Widgets Magazine

By Dwight Brown (NNPA News Wire Film Critic)

There’s something missing in actor Matt Damon and director/writer Paul Greengrass’s return to the Bourne action/spy/thriller franchise. It’s hard to put your finger on it. But the brutal fight scenes, painstakingly coordinated cloak-and-dagger sequences and elaborate car chases aren’t as intriguing as those in “The Bourne Supremacy” or “The Bourne Ultimatum.”

On paper (script by Greengrass and editor Christopher Rouse), the CIA plot to kill Jason Bourne, the naïve soldier they drafted into an experimental special ops program, should be totally engrossing. Says the menacing CIA Director Robert Dewey (Tommy Lee Jones): “No bringing in Bourne. He has to be taken down.” Also, following the vengeful Jason Bourne, the hoodwinked amnesia-suffering killing machine who wants to destroy his tormentors, should be compelling. Add plenty of clandestine meetings and attempted assassinations, and the plotline, characters and events should hit their mark consistently, not intermittently. Right?

Nicky Parsons (Julia Stiles), a colleague of Jason Bourne (Matt Damon), tracks him down to the Greek/Macedonian border where he’s become a successful underground fight club boxer. She has info that will help him determine his real identity and what happened to his father, whom he believes was killed by terrorists. She also wants to expose the Central Intelligence Agency’s perverse machinations. Parsons and Bourne are being tracked by the CIA, Director Dewey and the hacker slash counterinsurgency expert Heather Lee (Alicia Vikander, who won a Supporting Actress Oscar for her work in the “The Danish Girl”).

Besides silencing and killing the assassin he created, Dewey is in cahoots with tech billionaire Aaron Kalloor (Riz Ahmed, “Nightcrawler”) who is the CEO of the hip social network Deep Dream Corporation. He’s an entrepreneur who is loved by nerds and geeks and swears he respects their right to privacy.

Kalloor’s fans don’t know that their guru is secretly involved with the CIA’s plan for wide scale espionage. “Ironhand,” the agency’s new ops mission, involves “Full Spectrum Surveillance,” the kind of snooping that gives Edward Snowden the palpitations. Kalloor is in over his head as Dewey puts the screws to him. Meanwhile Bourne seeks revenge for the murder of his dad, and new clues point to the CIA.

Yes, Greengrass is a champ at action scenes. For two hours and three minutes he puts on a graduate school course in frenetic direction. Yet what’s on view lacks the style, class and depth he’s exhibited before. The grand technique that made his Bourne films win Oscars for technical credits (Christopher Rouse won for editing “The Bourne Ultimatum”) has lost its charm. One hour into the movie, you feel like you’re watching outtakes from a Mission Impossible sequel. It all leads to a grand finale chase scene in Vegas that is worthy of a great action B-movie, not a Bourne film.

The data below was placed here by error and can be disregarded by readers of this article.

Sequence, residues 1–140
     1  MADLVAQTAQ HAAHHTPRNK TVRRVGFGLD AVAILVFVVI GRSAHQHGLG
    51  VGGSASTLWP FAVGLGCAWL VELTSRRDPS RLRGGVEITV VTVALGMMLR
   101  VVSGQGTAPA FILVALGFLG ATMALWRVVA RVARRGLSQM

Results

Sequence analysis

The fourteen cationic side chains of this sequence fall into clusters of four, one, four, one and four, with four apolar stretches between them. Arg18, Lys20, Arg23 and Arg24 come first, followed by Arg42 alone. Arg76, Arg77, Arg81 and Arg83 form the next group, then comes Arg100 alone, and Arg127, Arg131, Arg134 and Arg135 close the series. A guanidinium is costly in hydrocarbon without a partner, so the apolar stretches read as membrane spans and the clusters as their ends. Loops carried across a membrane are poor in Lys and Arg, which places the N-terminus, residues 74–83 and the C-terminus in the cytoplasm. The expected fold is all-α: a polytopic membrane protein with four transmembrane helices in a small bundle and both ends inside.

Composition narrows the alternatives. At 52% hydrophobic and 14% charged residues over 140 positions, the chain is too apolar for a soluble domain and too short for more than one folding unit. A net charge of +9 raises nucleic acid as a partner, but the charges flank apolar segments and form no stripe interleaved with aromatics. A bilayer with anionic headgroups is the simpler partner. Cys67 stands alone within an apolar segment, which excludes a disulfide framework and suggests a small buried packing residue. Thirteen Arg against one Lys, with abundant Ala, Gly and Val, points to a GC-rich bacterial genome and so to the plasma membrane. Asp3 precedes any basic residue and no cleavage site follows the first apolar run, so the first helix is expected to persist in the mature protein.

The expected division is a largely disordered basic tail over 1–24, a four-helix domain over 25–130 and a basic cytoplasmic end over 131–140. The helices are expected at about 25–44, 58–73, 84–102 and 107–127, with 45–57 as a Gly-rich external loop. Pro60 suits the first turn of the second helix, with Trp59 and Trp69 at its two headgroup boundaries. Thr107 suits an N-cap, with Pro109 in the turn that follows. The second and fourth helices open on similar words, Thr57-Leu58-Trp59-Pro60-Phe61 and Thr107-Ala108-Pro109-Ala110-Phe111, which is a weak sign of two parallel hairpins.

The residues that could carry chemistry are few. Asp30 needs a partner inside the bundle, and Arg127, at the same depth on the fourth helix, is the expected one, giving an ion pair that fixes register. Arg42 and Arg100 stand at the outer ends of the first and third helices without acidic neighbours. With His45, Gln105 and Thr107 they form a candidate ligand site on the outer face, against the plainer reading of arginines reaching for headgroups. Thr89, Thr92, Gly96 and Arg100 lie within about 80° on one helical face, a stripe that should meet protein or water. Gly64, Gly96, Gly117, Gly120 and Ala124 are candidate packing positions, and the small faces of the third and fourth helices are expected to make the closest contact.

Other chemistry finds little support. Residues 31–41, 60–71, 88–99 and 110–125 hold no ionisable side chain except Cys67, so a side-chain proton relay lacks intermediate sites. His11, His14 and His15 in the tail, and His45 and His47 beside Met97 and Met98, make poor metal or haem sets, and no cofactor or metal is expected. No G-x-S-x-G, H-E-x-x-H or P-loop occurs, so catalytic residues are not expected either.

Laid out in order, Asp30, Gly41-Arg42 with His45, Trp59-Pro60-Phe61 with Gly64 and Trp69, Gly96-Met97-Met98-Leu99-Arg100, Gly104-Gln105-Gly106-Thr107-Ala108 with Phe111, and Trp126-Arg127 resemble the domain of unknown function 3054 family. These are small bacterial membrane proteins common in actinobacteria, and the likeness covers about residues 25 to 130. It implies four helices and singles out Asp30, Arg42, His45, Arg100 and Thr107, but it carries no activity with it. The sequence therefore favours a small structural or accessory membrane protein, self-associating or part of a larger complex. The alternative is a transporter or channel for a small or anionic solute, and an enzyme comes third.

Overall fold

The “personal rights versus public safety” theme is very topical. Alicia Vikander’s character adds a new complexity. Vincent Cassel, as the deadly assassin known as “Asset,” is evil in a two-dimensional way. Tommy Lee Jones is convincing as a devious, cold-hearted adversary, but his performance is too reminiscent of his Oscar-winning role in “The Fugitive.” The turmoil plays out over several countries, providing alluring locations that are well shot by Barry Ackroyd (Hurt Locker). Set design, art direction and music are decent, but don’t stand out.

Perhaps it’s tough to judge this movie because the nostalgia for the other Bourne movies made by Damon and Greengrass is so strong and indelible. Perhaps wanting the filmmakers to take this franchise up a level is asking too much.

Either way, it’s hard to lose that nagging feeling that this good film could have been great.

Dwight Brown is a film critic and travel writer. As a critic he regularly attends international film festivals including Cannes, Sundance, Toronto and the American Black Film Festival. Read more movie reviews by Dwight Brown here and at DwightBrownInk.com.